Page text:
Laura Goddeeris: Hi! So I'm Laura Goddeeris. I'm also with the Center for Regional Food Systems, not directly working with any local council. But as many of you know, I do research and outreach related to food systems planning and policy, particularly in the area of building local government capacity. So I'm interested in staying connected to this network and kind of thinking about how some of our partners in that more nationally focused outreach and research might be kind of brought in to build capacity here within our state. So that could be groups, you know, one in particular that keeps coming up is - I'm on the advisory committee for the Food Policy Networks Project out of the Center for a Livable Future at Johns Hopkins. So there may be some opportunities there to partner on training or other activities, so I'm mainly here to listen.
Andrea Brown: Great! Nice to see you, Laura. Anyone else on the line? Okay, a small but mighty group today.
Andrea Brown: Alright. We have a number of questions that we'll be pausing to ask throughout the webinar. These are those questions. There will be an icon that alerts you to these questions coming up, and you may be asked to respond to a quick online survey that will pop up on the screen. Or alternatively, we may open up the microphones for a conversation so that we can all, so that we all can learn together. So Michigan local food councils are locally focused. They are usually focused on a city or on a village, a county, or a region with some issues reaching up to the state. And to a lesser degree to the federal level. But what this means is that the primary audience for your council activities is local. And so we're going to be focusing a lot of our information today on how to, how to connect with those local audiences, and then how to create local leaders. A food council's greatest value is as a source of information for the policy-makers in government, and we're going to be talking quite a bit about this as well in terms of government really being one of your strongest allies in terms of advancing policies, rules, regulations, and programs that can have community-wide impact.
A council can help government agencies see how their actions affect the food system. Food, in many ways, is a fairly new topic for local governments, and some are more advanced and sophisticated than others in their understanding about their role as policymakers around food. But it is an area where there is a lot of opportunity for councils to influence those policies. The council can be a bridge between the public and private sectors on food issues. You can be a primary source of food education for residents and business owners. And possibly most importantly, you can foster communication and civic action at the grassroots level. So I did a little bit of reconnaissance before putting this program together, looking sort of across all of the local food policy councils in the state to see how many had strategic plans or work plans and what those look like. And many councils do have strategic plans or work plans. Some of the common elements in these plans include a vision statement which is a great opportunity to outreach to a large, deep, and wide cross-section of stakeholders, interested citizens and businesses across your community to help develop that vision.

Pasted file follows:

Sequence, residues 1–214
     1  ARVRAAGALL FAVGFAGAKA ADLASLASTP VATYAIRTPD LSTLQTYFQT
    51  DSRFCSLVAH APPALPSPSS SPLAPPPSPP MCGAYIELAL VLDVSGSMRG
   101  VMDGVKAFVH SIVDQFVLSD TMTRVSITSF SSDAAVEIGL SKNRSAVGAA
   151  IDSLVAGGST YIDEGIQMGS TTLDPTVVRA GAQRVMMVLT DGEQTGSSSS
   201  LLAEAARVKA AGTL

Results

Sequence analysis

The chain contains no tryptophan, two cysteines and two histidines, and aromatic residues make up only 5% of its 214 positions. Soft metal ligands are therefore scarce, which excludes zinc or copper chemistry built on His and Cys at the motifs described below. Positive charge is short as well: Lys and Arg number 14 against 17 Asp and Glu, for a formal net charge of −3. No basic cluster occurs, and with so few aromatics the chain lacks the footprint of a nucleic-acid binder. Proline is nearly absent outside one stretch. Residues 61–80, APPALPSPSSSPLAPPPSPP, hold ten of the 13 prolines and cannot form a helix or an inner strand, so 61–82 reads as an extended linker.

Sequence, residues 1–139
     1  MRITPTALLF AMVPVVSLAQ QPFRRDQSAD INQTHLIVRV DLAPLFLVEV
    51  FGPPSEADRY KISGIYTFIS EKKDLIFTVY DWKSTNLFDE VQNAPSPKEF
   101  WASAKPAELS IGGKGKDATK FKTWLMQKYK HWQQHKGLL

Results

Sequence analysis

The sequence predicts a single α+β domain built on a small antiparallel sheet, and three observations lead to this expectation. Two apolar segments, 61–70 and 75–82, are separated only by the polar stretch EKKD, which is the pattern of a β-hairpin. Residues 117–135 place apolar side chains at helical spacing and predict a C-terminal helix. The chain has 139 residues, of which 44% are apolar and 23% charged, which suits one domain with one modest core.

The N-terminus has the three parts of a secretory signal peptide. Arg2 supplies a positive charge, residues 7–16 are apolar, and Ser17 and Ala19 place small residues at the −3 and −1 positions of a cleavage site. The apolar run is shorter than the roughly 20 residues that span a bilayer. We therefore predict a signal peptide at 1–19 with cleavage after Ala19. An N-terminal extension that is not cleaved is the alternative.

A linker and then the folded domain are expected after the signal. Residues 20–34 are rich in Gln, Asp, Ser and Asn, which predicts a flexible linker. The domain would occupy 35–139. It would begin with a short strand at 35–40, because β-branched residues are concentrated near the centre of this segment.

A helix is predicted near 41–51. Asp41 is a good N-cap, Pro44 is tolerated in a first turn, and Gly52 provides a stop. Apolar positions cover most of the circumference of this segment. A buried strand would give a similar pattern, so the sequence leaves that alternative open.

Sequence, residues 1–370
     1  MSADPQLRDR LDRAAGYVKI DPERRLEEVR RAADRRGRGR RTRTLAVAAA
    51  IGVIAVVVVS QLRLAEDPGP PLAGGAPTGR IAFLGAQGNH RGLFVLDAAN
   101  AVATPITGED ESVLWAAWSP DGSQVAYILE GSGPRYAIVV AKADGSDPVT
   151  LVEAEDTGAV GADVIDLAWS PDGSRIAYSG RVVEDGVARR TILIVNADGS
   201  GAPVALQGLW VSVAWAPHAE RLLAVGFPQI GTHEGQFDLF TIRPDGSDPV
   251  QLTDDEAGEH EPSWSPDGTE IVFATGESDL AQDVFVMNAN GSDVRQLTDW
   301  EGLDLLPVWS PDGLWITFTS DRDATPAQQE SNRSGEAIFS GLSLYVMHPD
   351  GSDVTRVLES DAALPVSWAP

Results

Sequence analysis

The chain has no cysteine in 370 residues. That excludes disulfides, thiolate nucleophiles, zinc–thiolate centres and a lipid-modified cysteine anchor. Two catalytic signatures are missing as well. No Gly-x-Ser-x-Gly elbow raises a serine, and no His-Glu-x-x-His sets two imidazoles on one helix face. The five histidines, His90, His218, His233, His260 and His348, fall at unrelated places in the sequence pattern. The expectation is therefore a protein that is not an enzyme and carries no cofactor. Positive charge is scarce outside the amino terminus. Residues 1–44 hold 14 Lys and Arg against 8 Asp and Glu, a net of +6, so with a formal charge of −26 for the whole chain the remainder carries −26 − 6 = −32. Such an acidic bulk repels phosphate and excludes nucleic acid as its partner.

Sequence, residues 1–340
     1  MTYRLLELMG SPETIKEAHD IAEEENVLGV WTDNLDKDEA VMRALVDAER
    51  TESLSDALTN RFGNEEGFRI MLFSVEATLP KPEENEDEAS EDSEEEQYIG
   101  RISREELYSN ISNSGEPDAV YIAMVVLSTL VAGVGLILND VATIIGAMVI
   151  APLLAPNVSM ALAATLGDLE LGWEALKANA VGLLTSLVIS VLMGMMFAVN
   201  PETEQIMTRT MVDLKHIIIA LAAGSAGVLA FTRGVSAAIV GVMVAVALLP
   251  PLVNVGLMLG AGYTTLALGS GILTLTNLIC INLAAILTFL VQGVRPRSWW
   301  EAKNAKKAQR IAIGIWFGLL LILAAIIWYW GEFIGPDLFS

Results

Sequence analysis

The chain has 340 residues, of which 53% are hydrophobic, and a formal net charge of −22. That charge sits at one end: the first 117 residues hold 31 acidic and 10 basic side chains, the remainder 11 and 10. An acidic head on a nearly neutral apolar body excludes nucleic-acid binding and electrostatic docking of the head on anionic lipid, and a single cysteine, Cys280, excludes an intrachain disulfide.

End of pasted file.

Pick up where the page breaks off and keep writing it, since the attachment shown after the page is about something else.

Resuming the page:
A mission statement, what you exist for, goals and objectives, and strategies and actions -- a really important aspect of the work plan or strategic plan that really specifies exactly how you want to get to what your vision, what your vision says. The strategies and actions include things like how are you building and strengthening your local council? Are you grooming your leaders? What do you want to do? What projects and initiatives? How are you making it meaningful to the stakeholders and participants that you hope to engage with? And how do you give these interested entities something to do? So we'll pause here and do a quick survey of our members. Does your council or your group, in Scott's case, have a work plan or a strategic plan? If not, are you working on one? DO you wish to work on one? Should this be popping up?